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  • Scott Bowman

Don’t ruin your movie with it

There’s a concept I learned in business school that’s really useful to keep in mind - it’s called Sunk Costs. If that sounds familiar, boring or uninteresting, stick with me a bit -it might be useful one day and I’m going to talk about burritos.

‘Sunk Cost’ is an economics term for a bit that’s used to help figure out the potential value of an investment or project Or more accurately to figure out whether the next thing is worth doing.

It refers to money you’ve spent, that you cannot in any way, get back - ever.

So the car you bought 10 years ago, is not a sunk cost. Because you can (after scraping, scrubbing and finally buying the GooGone and toxically melting off those embarrassing stickers that are the last vestiges of the enthusiasms of youth... what? your car is different?) sell your POS and recover some of that money.

But the burrito you bought 10 minutes ago... That’s pretty much a sunk cost.

How is this useful?

A Sunk Cost should in no way be considered when making a decision about future costs. Buying the burrito does not, in itself, constitute a good reason to eat the burrito.

This looks a little different when the thing you bought is something like a graduate degree. Also, most of what we spend isn’t money - it’s time, energy, reputation, heartache, conflict, emotion, love...)

The idea of sunk cost helps us by working directly opposite the force of cognitive dissonance. Cognitive Dissonance is the discomfort we feel when we simultaneously hold two contradictory beliefs. (such as “That is an awesome burrito, the product of the best taqueria in existance and it is work of art for all time” and “I want to lose weight and I’m not actually that hungry right now”) and are then challenged by some situation or circumstance that exacerbates this tension (such as accidentally and not on purpose purchasing the aforementioned burrito).

In these circumstances what human beings do, is change one of their beliefs.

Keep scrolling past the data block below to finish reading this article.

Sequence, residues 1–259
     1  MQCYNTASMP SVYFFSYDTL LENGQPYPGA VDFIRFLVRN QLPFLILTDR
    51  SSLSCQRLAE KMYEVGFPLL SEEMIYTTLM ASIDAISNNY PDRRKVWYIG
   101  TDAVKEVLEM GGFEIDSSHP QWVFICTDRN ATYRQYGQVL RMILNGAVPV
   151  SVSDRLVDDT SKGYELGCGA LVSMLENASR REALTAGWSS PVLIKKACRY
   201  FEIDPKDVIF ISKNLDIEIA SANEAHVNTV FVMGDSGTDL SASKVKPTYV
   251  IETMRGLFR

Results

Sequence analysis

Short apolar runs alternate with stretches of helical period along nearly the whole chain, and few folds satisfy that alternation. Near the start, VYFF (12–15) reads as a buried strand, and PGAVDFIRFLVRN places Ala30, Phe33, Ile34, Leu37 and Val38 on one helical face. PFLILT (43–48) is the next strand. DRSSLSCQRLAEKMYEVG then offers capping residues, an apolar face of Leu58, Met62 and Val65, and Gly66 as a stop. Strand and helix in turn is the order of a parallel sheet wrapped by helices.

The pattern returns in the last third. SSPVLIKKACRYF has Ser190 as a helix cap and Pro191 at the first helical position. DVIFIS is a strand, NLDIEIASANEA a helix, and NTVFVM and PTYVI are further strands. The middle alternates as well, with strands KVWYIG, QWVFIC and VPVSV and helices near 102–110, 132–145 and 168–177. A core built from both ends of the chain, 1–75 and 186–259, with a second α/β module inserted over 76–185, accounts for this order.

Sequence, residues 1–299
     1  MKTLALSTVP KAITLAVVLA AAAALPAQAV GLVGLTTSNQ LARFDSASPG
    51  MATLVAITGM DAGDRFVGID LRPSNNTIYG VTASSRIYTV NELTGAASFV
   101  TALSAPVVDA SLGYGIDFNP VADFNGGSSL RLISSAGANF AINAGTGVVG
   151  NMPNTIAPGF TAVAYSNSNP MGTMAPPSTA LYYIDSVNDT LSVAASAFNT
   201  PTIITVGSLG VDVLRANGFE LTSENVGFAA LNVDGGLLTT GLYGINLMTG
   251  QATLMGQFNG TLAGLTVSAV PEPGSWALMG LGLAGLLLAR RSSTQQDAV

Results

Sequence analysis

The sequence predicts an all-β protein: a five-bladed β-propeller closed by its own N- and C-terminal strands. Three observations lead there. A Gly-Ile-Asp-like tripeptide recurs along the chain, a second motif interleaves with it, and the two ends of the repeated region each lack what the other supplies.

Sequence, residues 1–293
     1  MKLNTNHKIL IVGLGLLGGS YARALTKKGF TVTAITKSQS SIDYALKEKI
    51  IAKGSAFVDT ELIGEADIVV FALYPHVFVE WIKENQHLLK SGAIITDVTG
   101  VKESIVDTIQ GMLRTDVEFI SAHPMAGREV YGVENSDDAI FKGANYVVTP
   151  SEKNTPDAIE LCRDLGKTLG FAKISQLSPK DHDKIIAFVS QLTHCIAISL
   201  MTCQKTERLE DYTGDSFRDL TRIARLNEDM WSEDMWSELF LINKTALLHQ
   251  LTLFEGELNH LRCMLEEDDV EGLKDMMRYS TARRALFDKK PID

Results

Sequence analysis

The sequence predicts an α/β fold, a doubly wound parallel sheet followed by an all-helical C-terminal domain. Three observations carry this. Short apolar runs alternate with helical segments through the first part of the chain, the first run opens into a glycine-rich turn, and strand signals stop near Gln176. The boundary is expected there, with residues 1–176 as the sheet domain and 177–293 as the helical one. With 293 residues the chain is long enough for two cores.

“Screw the diet! Eating this burrito is an awesome idea! And it’s getting cold so...”

And you thought beliefs were so solid and reliable. A great example of this is before and after buying a car.

Before buying a car your friend is doing the research, going to car lots, driving a bunch of cars, putting up with icky salespeople and getting very tired. “Which car are you going to buy?” you innocently ask.

“I’m not sure,” says your friend, “The Toyota and Honda are both pretty good and pretty much the same... it’s kinda 50/50.” They finally get tired of all the run around and trying to weigh all the different little bits against each other, and buy the Toyota.

“You went with the Toyota, huh?” you again innocently ask.

“Oh my god! I’m so glad I did” they gush, “It’s sooo much better than the Honda! It... blah blah blah”

....but yesterday you were saying...?

Sound familiar? That is the mutability of belief. And it is a lot more pernicious and pervasive than the choice between Hondas and Toyotas (though really... is there even a choice? I mean my God! The Toyota is sooo... oh - oops).

The way this works is that first I believe I am a smart guy and I’m trying to figure this thing out. I have to buy one of these things, and they cost a lot of money. I don’t really know which one is better or what to believe is right, so the possibility is that I’ve just spent a lot of money on the wrong choice and I’m really an idiot.